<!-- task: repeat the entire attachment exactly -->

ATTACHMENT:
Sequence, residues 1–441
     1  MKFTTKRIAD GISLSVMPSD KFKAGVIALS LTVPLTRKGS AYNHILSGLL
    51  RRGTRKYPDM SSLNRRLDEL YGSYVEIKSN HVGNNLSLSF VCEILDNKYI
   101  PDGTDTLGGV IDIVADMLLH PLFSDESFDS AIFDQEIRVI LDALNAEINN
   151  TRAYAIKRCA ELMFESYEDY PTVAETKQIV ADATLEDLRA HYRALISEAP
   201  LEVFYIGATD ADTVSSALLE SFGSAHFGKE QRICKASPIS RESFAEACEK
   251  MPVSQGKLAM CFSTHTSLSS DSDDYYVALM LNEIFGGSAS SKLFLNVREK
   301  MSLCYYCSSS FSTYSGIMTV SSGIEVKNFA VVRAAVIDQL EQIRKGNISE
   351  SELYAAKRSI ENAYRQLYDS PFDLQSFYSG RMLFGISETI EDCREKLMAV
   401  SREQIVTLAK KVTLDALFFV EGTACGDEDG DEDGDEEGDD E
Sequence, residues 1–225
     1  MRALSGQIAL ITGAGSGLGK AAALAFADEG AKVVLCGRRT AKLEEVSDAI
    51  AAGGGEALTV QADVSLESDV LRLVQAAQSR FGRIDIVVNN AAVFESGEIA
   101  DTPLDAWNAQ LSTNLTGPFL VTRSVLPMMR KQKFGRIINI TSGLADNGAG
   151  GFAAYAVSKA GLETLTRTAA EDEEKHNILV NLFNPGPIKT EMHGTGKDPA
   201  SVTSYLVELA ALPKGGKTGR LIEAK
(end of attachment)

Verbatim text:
Sequence, residues 1–441
     1  MKFTTKRIAD GISLSVMPSD KFKAGVIALS LTVPLTRKGS AYNHILSGLL
    51  RRGTRKYPDM SSLNRRLDEL YGSYVEIKSN HVGNNLSLSF VCEILDNKYI
   101  PDGTDTLGGV IDIVADMLLH PLFSDESFDS AIFDQEIRVI LDALNAEINN
   151  TRAYAIKRCA ELMFESYEDY PTVAETKQIV ADATLEDLRA HYRALISEAP
   201  LEVFYIGATD ADTVSSALLE SFGSAHFGKE QRICKASPIS RESFAEACEK
   251  MPVSQGKLAM CFSTHTSLSS DSDDYYVALM LNEIFGGSAS SKLFLNVREK
   301  MSLCYYCSSS FSTYSGIMTV SSGIEVKNFA VVRAAVIDQL EQIRKGNISE
   351  SELYAAKRSI ENAYRQLYDS PFDLQSFYSG RMLFGISETI EDCREKLMAV
   401  SREQIVTLAK KVTLDALFFV EGTACGDEDG DEDGDEEGDD E
Sequence, residues 1–225
     1  MRALSGQIAL ITGAGSGLGK AAALAFADEG AKVVLCGRRT AKLEEVSDAI
    51  AAGGGEALTV QADVSLESDV LRLVQAAQSR FGRIDIVVNN AAVFESGEIA
   101  DTPLDAWNAQ LSTNLTGPFL VTRSVLPMMR KQKFGRIINI TSGLADNGAG
   151  GFAAYAVSKA GLETLTRTAA EDEEKHNILV NLFNPGPIKT EMHGTGKDPA
   201  SVTSYLVELA ALPKGGKTGR LIEAK